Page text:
It's getting hot in here: The Earth's interior is staggeringly hot due to a number of factors, including kinetic energy from formative impacts, gravitational compression forces, internal friction and radioactive decay [source: Plait]. In fact, the crust alone is hot enough to defeat current tunneling tech: The deepest hole ever dug, the Kola Superdeep Borehole in Russia, reached 40,230 feet (12,262 meters) -- only a fraction of the way through the crust -- before succumbing to high temperatures. Scientists have bored holes in the ocean floor that reach closer to the mantle, however [sources: Fisher; Levitt; Santoski; UCSB].
Mass effect: Crustal mass variations caused by mountains and sea trenches pale beside the differential densities of Earth's interior layers, which grow denser as you head coreward. Consequently, your acceleration would vary more than we described [sources: Reich; Singh; UCSB].
Fatal attraction: Due to the Coriolis effect and angular momentum, your sideways motion will carry you into a wall before you get terribly far down the shaft.
To understand why, consider a hole drilled at the equator. Whether you stand on Earth's surface or near its core, you complete one revolution every 24 hours, but you don't travel the same distance: at the surface, you travel 24,900 miles (40,000 kilometers), while, halfway to the core, you journey half that distance. You would retain that 1,000 mph (1,600 kph) eastward motion as you fell, while the walls around you would move at an ever-slower eastward rate, causing you to run into them.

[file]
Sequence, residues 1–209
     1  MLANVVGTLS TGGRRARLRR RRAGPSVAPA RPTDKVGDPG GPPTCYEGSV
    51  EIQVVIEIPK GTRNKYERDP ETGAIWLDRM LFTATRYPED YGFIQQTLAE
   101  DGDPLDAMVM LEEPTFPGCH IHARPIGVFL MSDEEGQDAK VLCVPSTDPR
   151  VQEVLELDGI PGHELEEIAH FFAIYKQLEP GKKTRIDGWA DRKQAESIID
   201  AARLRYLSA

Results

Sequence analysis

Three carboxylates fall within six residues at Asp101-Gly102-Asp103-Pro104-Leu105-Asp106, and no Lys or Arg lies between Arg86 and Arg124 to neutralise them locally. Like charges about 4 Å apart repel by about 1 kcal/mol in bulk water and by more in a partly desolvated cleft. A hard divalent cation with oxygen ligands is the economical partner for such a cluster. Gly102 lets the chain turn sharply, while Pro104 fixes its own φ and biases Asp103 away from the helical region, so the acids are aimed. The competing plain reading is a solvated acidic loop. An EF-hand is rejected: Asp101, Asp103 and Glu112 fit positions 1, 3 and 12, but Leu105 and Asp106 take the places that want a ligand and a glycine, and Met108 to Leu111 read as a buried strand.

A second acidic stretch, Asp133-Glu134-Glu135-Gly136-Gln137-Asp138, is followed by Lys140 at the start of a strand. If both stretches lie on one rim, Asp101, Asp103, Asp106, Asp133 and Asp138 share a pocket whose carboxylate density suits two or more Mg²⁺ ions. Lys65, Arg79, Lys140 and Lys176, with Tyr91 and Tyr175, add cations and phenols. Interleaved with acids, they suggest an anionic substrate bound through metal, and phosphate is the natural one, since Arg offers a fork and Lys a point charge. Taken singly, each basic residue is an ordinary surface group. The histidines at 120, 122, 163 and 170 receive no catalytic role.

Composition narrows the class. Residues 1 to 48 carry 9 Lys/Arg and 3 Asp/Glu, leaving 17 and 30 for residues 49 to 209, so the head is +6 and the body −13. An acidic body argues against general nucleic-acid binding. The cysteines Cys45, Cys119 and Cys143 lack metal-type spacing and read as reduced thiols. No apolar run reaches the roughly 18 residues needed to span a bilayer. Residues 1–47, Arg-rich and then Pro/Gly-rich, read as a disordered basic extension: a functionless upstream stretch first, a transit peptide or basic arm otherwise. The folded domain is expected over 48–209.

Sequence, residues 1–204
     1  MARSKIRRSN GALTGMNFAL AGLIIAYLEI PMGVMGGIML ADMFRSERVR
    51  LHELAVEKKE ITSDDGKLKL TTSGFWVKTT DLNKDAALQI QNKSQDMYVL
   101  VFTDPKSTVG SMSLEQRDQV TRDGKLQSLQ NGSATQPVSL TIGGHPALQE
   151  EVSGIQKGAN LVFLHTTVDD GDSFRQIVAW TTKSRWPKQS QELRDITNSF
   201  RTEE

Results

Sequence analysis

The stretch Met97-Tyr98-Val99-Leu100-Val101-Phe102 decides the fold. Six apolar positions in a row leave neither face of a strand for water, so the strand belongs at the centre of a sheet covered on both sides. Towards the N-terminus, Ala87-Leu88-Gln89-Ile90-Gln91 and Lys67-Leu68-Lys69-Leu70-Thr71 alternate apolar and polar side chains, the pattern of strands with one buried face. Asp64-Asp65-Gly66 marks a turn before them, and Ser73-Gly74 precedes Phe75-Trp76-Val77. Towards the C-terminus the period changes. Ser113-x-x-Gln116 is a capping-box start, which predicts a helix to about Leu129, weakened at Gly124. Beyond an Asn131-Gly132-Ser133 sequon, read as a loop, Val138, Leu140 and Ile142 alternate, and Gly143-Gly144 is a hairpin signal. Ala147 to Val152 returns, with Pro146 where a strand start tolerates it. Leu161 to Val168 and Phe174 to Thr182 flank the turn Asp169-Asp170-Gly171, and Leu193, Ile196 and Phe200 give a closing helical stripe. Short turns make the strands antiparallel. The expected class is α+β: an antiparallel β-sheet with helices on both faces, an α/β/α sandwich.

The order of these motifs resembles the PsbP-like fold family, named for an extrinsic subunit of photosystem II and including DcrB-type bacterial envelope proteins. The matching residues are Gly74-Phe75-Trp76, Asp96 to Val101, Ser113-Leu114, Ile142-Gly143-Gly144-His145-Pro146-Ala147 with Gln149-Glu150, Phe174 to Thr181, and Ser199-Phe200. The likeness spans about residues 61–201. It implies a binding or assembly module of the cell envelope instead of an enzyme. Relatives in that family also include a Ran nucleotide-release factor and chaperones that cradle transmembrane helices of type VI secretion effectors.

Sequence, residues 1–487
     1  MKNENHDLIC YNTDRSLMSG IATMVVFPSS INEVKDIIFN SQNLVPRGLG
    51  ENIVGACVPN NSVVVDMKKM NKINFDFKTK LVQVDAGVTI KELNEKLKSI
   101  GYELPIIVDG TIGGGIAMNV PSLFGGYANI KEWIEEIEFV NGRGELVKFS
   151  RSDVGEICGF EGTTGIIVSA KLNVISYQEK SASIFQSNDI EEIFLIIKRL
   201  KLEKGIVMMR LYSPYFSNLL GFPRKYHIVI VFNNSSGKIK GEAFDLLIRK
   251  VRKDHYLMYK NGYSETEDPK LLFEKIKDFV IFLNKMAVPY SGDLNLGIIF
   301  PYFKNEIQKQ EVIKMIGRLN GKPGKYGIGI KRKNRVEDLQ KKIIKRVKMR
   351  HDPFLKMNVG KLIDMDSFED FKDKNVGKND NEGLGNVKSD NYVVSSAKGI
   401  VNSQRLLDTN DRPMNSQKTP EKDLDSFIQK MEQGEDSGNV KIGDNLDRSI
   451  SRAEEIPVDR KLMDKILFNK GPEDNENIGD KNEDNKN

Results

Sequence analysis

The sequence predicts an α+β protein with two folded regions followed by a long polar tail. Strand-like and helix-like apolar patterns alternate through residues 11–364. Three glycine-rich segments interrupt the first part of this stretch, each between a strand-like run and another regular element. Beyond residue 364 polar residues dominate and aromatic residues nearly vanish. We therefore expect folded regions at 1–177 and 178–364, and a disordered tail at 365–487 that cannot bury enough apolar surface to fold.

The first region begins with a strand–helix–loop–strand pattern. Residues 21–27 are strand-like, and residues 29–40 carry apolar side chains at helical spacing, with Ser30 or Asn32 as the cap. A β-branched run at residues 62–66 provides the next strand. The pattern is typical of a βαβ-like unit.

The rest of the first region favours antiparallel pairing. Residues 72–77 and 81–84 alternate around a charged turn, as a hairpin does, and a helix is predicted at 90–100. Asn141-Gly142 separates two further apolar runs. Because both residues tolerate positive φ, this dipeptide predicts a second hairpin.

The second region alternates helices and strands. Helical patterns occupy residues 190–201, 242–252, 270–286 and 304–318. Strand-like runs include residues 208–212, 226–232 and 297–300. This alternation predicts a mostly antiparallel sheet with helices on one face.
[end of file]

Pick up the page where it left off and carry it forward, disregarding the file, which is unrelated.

To save yourself some rock rash, you could drill from pole to pole, where Coriolis has no effect. However, solar and lunar gravity, which also perturb orbiting satellites, would eventually pull you into the tunnel wall anyway [source: Darling].
Strike a chord: Fun fact: A straight line from any point to any other point through the planet would take the same amount of time to fall through as a tunnel through Earth's center. Although the tunnel would be shorter, gravity would exert less acceleration and the trip would take longer [sources: Plait; Shegelski].
On the plus side, if you wanted to turn the journey into a tourist attraction or a really long subway, the fuel cost would be negligible.
Author's Note: What would happen if I drilled a tunnel through the center of the Earth and jumped into it?
Politicians like to spout off about how we shouldn't spend money on space when so many problems here on the home planet need solving. I strongly disagree, but perhaps deep exploration of Earth could offer a compromise. To explore the ocean floor, lower crust or mantle requires technology on par with spaceflight -- in some ways, it's harder -- and could produce comparable economic, educational and technological side benefits.
In many ways, we know more about the moon than we do about our own oceans, or about the Earth's interior. It's high time we changed that.
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- UCSB Science Line. "If I Were to Dig a Hole to the Very Core of the Earth, then Jump, Would I Float Because the Gravity is All Converging on One Spot?" (Oct. 5, 2012) http://scienceline.ucsb.edu/getkey.php?key=3224